The poem is in first person, a very young chimney sweeper is exposing the evils of chimney sweeping as a part of the cruelties created by sudden increase in wealth. The poem was used as a broadsheet or propaganda against the evil of Chimney Sweeping.
William Blake Here is a pair of poems more familiar than many I've presented here in the monthly "Classic Poem" feature—familiar, maybe, yet with an unsettling quality that seems inexhaustible.
As in much of William Blake's writing, what I may think I know, he manages to make me wonder if I really do know. Eliot who has a way of parodying himself even while making wise observations. The truth in Eliot's remark, for me, has to do not simply with Blake's indictment of conventional churches, governments, artists but with his general, metaphysical defiance toward customary ways of understanding the universe.
The "unpleasantness of great poetry," as exemplified by Blake, is rooted in a seductively beautiful process of unbalancing and disrupting.
Great poetry gives us elaborately attractive constructions of architecture or music or landscape—while preventing us from settling comfortably into this new and engaging structure, cadence, or terrain.
I can think to myself that the poem in Songs of Innocence is more powerful than the one in Songs of Experience, because the Innocence characters—both the "I" who speaks and "little Tom Dacre"—provide, in their heartbreaking extremes of acceptance, the more devastating indictment of social and economic arrangements that sell and buy children, sending them to do crippling, fatal labor.
Advertisement By that light, the Experience poem entitled "The Chimney Sweeper," explicit and accusatory, can seem a lesser work of art. The Innocence poem is implicit and ironic. Its delusional or deceptive Angel with a bright key exposes religion as exploiting the credulous children, rather than protecting them or rescuing them.
The profoundly, utterly "innocent" speaker provides a subversive drama. But that judgment is unsettled by second thoughts: Does the irony of the Innocence poem affect me all the more—does it penetrate without seeming heavy?
And doesn't that, too, bring another, significant note of dramatic outrage? Or, to put it the question more in terms of subject matter, both poems dramatize the way religion, government, and custom collaborate in social arrangements that impose cruel treatment on some people while enhancing the lives of others for example, by cleaning their chimneys.
Does the naked, declarative quality of the Experience poem sharpen my understanding of the Innocence poem? Does the pairing hold back or forbid my understanding's tendency to become self-congratulatory or pleasantly resolved?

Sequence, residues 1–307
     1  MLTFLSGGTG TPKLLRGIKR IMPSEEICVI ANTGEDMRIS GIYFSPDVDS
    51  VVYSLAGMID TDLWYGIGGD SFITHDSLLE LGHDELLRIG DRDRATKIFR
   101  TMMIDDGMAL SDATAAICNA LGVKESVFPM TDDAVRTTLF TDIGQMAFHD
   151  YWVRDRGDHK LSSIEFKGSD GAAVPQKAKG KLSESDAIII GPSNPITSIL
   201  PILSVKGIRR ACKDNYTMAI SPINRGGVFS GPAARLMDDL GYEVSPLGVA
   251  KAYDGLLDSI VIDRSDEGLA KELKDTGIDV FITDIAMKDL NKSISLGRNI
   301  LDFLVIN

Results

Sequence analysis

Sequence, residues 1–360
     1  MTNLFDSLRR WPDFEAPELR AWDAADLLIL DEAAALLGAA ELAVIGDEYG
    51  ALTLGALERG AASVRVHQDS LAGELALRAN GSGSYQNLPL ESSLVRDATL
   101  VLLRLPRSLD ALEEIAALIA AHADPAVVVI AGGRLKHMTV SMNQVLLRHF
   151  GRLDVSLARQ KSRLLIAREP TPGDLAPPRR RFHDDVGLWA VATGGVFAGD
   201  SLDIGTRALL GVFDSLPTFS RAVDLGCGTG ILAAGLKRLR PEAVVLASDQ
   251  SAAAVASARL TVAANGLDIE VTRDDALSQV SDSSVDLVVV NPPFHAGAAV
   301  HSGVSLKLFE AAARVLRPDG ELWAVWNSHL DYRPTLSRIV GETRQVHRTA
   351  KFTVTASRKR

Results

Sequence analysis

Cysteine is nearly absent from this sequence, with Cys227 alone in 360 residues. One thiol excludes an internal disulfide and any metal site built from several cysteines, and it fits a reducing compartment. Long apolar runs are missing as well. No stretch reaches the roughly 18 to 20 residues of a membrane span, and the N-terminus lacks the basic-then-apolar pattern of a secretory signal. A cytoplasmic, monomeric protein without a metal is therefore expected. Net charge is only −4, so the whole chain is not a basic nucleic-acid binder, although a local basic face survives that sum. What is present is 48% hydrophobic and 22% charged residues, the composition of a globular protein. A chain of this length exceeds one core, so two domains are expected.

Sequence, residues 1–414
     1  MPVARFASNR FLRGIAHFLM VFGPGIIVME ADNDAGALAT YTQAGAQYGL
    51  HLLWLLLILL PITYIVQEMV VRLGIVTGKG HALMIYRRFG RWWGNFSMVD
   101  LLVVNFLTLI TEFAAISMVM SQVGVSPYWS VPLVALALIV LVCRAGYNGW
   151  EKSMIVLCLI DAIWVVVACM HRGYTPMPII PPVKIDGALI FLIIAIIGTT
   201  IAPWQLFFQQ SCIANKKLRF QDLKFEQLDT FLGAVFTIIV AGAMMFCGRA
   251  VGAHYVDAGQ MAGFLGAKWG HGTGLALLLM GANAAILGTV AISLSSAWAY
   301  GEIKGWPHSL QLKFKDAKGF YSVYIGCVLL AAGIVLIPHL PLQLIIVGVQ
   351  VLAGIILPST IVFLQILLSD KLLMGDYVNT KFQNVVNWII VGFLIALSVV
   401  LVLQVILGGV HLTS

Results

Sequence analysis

It is in the nature of William Blake's genius to make such questions not just literary but moral. There's little Tom Dacre, who cried when his head That curled like a lamb's back, was shaved: You can also download the recording or subscribe to Slate's Poetry Podcast on iTunes.
Jan 22, · This is a review of the two versions of the poem "The Chimney Sweeper" by William Blake. It is an in-depth analysis of the two poems as well as how they relate to each regardbouddhiste.coms: 1. Sep 14, · William Blake's two poems called "The Chimney Sweeper" create art by keeping us uncomfortable. As you've probably guessed by now, many of the poems in Songs of Innocence, like "The Chimney Sweeper," are about the ways in which childhood innocence is destroyed, taken away, or ruined by mean old adults. For Blake, innocence is, in many ways, a total joke.
Post your questions and comments on the work, and he'll respond and participate. You can also browse "Fray" discussions of previous classic poems.After introducing us to Tom, he relates a very strange dream that Tom had one night (it involved chimney sweepers in coffins, angels, flying, and a few other bizarre things).
The poem concludes with Tom and the speaker waking up . Sep 14, · William Blake's two poems called "The Chimney Sweeper" create art by keeping us uncomfortable.
As you've probably guessed by now, many of the poems in Songs of Innocence, like "The Chimney Sweeper," are about the ways in which childhood innocence is destroyed, taken away, or ruined by mean old adults.
For Blake, innocence is, in many ways, a total joke. Sep 14, · William Blake's two poems called "The Chimney Sweeper" create art by keeping us uncomfortable.
The Chimney Sweeper: When my mother died I was very young By William Blake About this Poet In his Life of William Blake () Alexander Gilchrist warned his readers that Blake "neither wrote nor drew for the many, hardly for work'y-day men at all, rather for children and angels; himself 'a divine.
The Chimney Sweeper by William Blake Prev Article Next Article In (the year of the beginning of the French Revolution), Blake brought out his Songs of Innocence, which included The Chimney Sweeper.